Title page of Longus' Daphnis and Chloe translated by Charles Valentine Le Grice.
Mold on page vi, the largest growth in the book.
Daphnis and Chloe by Charles Valentine Le Grice, 1803.
This book is an 1803 translation of Daphnis and Chloe, a Greek tale by Longus. The translation was done by Charles Valentine Le Grice. Charles Valentine Le Grice (1773-1858) was an Anglican priest who published secular writings along with his translation of Daphnis and Chloe.1 The Latin quote, attributed to Juvenal, is “nil dictum foedum visue haec limina tangat” which translates into English as “Let nothing filthy, either heard by the ear or seen by the eye, enter this threshold.”2 The omission of the last part of the quote would explain that the subject matter of the story is appropriate for all audiences.
The story of Daphnis and Chloe is about two young Greek shepherds who fall in love, but because they are ignorant, do not know what is going on with their bodies. The story follows as the young couple learn about love and how to express their feelings toward each other. It was one of the first novels of the ancient world written in prose and its pastoral style would be emulated by authors in the modern age.3 There is no evidence of Daphnis and Chloe being read in late antiquity as there were no allusions to the story found in other literature contemporary to that time.4 There are two handwritten manuscripts that survived to the Renaissance, one done by Florentinus Laurentianus Conventi Soppressi and a second by Vaticanus Graecus.5 The first post-Renaissance printing of Daphnis and Chloe was performed by Raphael Columbanius in 1598 in Greek.6 Columbanius used Vaticanus’ manuscript only. It was discovered that a portion of the Vaticanus translation was missing, and the missing portion could be found in the Florentinus’ manuscript.7
In regards to this translation, it is fitting for the time period, where much of the more explicit sex scenes, if they weren’t in source material that Le Grice used, are heavily edited or completely omitted. The single text that he used was the edition published by Jean-Baptiste-Gaspard d'Ansse de Villoison in 1778 in Paris.8 Villoison’s translation has chapter divisions that have been used by translators up until the modern age, which makes it easier to compare translations to each other.9 Le Grice claims in his Appendix that he had “never seen any other copy whatsoever.”10 The notes section is limited, and Le Grice states that he “thought that a little volume with any readers, would be preferable to a larger one with few.”11 He claims that he did not want to make his book “resemble the comet-like volumes of the of the present day, whose tails are their longest and most splendid part.”12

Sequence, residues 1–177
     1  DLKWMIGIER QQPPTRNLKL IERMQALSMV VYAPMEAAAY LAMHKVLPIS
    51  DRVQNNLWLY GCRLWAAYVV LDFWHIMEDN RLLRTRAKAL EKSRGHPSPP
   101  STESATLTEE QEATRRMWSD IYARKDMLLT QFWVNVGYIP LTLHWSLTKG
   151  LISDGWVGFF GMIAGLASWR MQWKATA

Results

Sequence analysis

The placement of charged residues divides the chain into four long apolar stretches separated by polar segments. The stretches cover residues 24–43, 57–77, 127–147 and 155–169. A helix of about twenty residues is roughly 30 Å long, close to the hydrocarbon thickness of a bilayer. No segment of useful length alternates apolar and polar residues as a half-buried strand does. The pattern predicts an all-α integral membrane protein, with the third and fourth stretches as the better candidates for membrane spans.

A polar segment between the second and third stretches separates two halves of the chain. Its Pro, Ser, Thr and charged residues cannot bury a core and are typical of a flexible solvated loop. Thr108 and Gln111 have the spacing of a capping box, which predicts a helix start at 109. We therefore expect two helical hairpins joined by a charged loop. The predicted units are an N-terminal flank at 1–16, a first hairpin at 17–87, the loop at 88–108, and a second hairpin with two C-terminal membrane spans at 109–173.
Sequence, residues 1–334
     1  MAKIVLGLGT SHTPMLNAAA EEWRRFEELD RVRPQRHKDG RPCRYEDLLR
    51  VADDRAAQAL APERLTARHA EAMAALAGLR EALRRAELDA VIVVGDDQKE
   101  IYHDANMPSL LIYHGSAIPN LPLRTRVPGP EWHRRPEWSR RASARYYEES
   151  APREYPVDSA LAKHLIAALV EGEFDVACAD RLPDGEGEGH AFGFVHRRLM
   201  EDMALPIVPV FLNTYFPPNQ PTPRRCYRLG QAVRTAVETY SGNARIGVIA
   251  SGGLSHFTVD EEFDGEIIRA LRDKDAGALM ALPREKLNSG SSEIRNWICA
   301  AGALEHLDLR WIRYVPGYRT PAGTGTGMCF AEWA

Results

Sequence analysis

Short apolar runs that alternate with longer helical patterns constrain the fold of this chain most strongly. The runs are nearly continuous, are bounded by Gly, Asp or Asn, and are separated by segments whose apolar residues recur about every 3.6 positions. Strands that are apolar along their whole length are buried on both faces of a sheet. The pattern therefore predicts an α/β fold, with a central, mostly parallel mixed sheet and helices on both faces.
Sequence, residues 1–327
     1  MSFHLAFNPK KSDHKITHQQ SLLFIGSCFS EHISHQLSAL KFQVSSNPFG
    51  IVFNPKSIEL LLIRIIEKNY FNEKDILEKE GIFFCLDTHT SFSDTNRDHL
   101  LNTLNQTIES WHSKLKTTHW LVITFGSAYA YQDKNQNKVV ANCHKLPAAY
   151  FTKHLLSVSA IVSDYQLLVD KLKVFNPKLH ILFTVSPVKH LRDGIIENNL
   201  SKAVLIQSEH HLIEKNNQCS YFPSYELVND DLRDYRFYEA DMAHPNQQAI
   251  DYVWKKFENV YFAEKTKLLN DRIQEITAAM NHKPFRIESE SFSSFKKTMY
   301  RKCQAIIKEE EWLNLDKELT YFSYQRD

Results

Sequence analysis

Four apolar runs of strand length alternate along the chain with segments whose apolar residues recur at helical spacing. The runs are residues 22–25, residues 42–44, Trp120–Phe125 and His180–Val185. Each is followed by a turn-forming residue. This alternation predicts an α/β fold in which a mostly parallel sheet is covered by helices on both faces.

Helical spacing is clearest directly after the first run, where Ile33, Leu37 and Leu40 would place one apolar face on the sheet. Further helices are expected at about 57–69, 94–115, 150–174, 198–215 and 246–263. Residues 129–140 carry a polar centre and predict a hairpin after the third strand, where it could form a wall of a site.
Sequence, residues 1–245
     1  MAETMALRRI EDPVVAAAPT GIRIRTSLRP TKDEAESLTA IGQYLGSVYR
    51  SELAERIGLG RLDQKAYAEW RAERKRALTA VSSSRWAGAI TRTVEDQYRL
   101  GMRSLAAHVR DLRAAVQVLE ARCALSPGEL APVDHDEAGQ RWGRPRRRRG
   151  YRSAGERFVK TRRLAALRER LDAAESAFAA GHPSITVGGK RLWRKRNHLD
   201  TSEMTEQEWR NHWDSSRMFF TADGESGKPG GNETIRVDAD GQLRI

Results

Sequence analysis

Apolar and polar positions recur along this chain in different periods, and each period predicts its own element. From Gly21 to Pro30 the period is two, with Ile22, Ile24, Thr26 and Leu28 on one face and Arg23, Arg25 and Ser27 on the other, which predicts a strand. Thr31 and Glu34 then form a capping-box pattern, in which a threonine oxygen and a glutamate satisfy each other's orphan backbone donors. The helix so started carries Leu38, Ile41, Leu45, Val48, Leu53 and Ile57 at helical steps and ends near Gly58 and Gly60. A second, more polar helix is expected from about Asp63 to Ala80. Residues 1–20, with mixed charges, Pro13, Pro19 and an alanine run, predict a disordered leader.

Overall, this published edition of Daphnis and Chloe is a rather barebones book, where some translations had illustrations or engravings to accompany the text, this English version was only given quotes from Robert Bloomfield that precede each book of Daphnis and Chloe. Robert Bloomfield (1766-1823) was an English poet.13 Because the book was published in 1803 which was in line with the period’s growing trend in the publication of books that were fiction and intended to entertain readers. The size of the book suggests that it was a personal copy. There is severe foxing on the inner cover that has spread to the first few pages. There also is some mold or mildew growth on the front cover as well. The cover is a full leather, with etching into it.
Even though the book is listed as being Daphnis and Chloe, there is a second book contained within titled Latin and English Poems by a Gentleman of Trinity College, which was later attributed to Benjamin Loveling and Thomas Gilbert.14 There is a marked difference in the quality of this second section, unlike the Daphnis and Chloe section, there are chain lines apparent in the paper. The pages are stiff and do not appear to have been read as much while it was under private ownership. The section was published in 1741 therefore it predates Daphnis and Chloe by sixty-two years. And it had to have been bound with the Daphnis and Chloe after both were in private hands.
3 Longus, Daphnis and Chloe, trans. Ronald McCail (Oxford: Oxford University Press, 2002), xvii.↩
4 Ibid., xxvii.↩
5 Ibid., xxxx.↩
6 Maria Pia Pattoni, “Chapter 37: Longus’ Daphnis and Chloe: Literary Transmission and Reception,” in A Companion to the Ancient Novel, ed. Edmund P. Cueva and Shannon N. Byrne (Oxford: John Wiley & Sons, 2014), 584.↩
7 McCail, xxxxi.↩
10 Charles Valentine Le Grice, Daphnis and Chloe, A Pastoral Novel Now First Selectly Translated into English from the Original Greek of Longus (London: Penzance, 1803), 246. ↩
12 Ibid., 248.↩
This spotlight exhibit by Megan Gilbert as part of Dr. Johanna Drucker's "History of the Book and Literacy Technologies" seminar in Winter 2018 in the Information Studies Department at UCLA.
For documentation on this project, personnel, technical information, see Documentation. For contact email: drucker AT gseis.ucla.edu.